A Dirty Job: Should You Read or Listen?

My weekly post to help you decide the best format to enjoy a book.  Without further ado:

Should you read or listen to A Dirty Job, by Christopher Moore?

The Afthead Summary:

After the unexpected death of his wife, Charlie raises his infant daughter Sophie through a series of hysterical misadventures.  Wait.  That doesn’t really sound funny or like a book anyone would want to read.  How about, A Dirty Job, a comic tale of a motherless child and her beta-male father battling the forces of evil.  Crud.  That’s not really selling it either.  Okay, I recognize that Christopher Moore isn’t for everyone, but trust me, this book is funny and you’ll hardly even mind the dying mom part once you start laughing.  If everything I have written so far upsets and disturbs you, do not pick up this book.  Listen to last week’s book, or wait until next week’s book.  But if you have a strong stomach for inappropriate humor, read on.  From the Russian neighbor and her discussion of the “tiny bears” (hamsters), to the Chinese neighbor who eats all the dead pets, to the harpies of darkness stalking  “new meat” (their nickname for Charlie) this book will teach you about the mythology of death, the kindness of strangers who become family, and the love of a father for his daughter.

Read:

I read the novel first and actually laughed out loud several times.  Moore’s writing is fresh, unexpected, and will make you think long after you put the book down.  The ending takes a bit to resolve, but it’s worth the ride.  If you read it, or have read it, please let me know so I have an outlet for all my funny allusions to this book that no one I know understands.

Listen:

This is an amazing audiobook.  Fisher Stevens’s voices for Minty Fresh, Charlie, the harpies, Sophie, Audrey, and the squirrel people make the book.  His characterization is so much better than what my imagination could supply.  Listening to him makes the characters take on solid form and distinct personalities.  When I’m feeling glum I start this one up again and laugh my way to work.

Again, this is not a book to listen to with small children, grandparents, humorless or judgmental people.  Know your listeners before sharing this one with friends.

Recommendation:

Listen


Much to my excitement and joy, I found out that Moore has published a sequel to this novel, and it was released in August!  Is there anything better than an unexpected sequel that is already out?  It’s my next read, so watch for a review in the coming months.

The Bees: Should You Read or Listen?

For quite some time now I’ve been trying to come up with a “regular feature” for my blog.  Something unique that I can offer the community.  On my ride into work, inspiration hit.  I listen to a ton of books.  My 0:45-1:30 commute gives me ample time to listen to books.  However, I really like listening to books that I have read already.   That way when the person in front of me slams on the brakes and I have to make evasive maneuvers I don’t miss any of the plot.  I can pick up right where I left off.  Bingo!  I can do reviews of reading versus listening to a book.  That way if you aren’t like me and automatically do both, you can gain from my dual book experience.  Without further ado:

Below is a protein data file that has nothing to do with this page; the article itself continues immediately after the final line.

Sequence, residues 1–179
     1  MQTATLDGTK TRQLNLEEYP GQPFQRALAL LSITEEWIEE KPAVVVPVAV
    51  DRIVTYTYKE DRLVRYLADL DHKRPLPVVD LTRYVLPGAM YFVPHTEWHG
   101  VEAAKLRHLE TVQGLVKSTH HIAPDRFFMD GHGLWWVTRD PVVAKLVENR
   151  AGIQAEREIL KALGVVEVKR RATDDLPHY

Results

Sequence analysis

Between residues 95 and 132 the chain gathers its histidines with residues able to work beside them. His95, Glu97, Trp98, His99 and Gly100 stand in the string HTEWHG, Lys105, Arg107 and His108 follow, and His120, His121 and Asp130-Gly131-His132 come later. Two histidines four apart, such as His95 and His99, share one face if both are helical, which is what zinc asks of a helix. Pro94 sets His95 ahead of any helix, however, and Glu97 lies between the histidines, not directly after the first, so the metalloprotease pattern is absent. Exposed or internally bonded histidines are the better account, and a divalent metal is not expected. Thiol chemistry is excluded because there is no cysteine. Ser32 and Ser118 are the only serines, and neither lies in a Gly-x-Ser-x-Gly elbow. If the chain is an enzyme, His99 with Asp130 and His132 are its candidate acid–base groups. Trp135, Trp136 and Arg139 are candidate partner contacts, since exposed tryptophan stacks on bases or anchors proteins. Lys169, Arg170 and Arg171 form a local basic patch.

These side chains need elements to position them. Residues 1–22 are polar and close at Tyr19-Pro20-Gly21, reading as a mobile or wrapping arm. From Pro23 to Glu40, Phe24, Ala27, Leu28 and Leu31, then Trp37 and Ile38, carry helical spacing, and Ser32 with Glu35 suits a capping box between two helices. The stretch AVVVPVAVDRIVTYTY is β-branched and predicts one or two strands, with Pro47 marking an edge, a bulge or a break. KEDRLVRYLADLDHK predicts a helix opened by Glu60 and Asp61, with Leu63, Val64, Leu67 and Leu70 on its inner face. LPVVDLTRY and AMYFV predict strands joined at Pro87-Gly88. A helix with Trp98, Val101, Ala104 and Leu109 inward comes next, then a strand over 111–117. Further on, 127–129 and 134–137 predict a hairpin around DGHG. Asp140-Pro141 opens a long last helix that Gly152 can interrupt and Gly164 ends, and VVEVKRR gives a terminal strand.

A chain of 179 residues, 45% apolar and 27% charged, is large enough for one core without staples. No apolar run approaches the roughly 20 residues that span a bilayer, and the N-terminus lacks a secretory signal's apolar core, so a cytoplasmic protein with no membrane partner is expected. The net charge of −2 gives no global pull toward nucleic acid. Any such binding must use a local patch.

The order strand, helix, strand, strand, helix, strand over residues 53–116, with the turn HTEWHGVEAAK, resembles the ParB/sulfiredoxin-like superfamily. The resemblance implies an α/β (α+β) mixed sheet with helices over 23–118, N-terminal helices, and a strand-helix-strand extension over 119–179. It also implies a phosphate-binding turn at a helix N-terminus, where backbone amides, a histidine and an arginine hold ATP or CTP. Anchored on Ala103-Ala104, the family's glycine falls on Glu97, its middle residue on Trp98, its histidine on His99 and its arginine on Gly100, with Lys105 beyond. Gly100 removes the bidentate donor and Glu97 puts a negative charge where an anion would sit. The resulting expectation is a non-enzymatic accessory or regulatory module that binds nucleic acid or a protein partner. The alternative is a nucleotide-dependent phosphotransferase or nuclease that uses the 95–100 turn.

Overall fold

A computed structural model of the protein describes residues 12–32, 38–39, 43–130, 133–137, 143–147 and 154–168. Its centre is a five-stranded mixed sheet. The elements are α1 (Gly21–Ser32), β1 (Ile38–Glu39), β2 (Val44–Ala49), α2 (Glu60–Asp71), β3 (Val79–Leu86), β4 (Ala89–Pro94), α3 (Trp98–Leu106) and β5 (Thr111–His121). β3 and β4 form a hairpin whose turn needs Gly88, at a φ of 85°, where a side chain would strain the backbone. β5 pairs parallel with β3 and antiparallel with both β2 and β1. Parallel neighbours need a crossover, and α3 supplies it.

Should you read or listen to The Bees, by Laline Paull?

The Afthead Summary:

The Bees is a remarkable novel told from the perspective of a honey bee.  Flora 717 isn’t just any honey bee, she a bee from the lowest class worker in her hive.  Flora shares the life of her hive from child rearing, to drone care, to foraging, to fighting enemies and through her life we learn of the political and social struggles of hive living.

Read:

I read the novel first and the book moved quickly and was one of my favorites of the year.  I loved Paull’s description of the hive and the places Flora visited.  Her perspective of life as a bee was so unique that it sucked me in, and I couldn’t stop reading.  I learned about the novel from NPR’s list of best books from 2014, which has contained some of the best books I’ve read this year.

Listen:

The listen on this wasn’t quite the experience of the read.  I’m a dedicated Audible user and I downloaded the book to my iPod to enjoy while I drive.  Sometimes the story is enhanced on the second telling, but for this one, I think the power of the story was in it’s uniqueness.  That was lost the second telling.  Also, the magic and the flow for me weren’t as apparent with the audio version.  I liked flying fast while Flora was on the wing and slowing down when she was tired.  The reader didn’t bring the same pacing to the story that I had internally.  Also, I’m a fast reader, and tend to miss details when I read.  In this case I think that helped.  At times I got tired of all the details, because in an audiobook I listen to them all.

Recommendation:

Read


Let me know what you think about this feature.  If it’s popular I’ll make it a normal Monday post.  Also, does anyone know about using images of book covers in my blog?  I took this picture, but since it has Paull’s cover, is that kosher?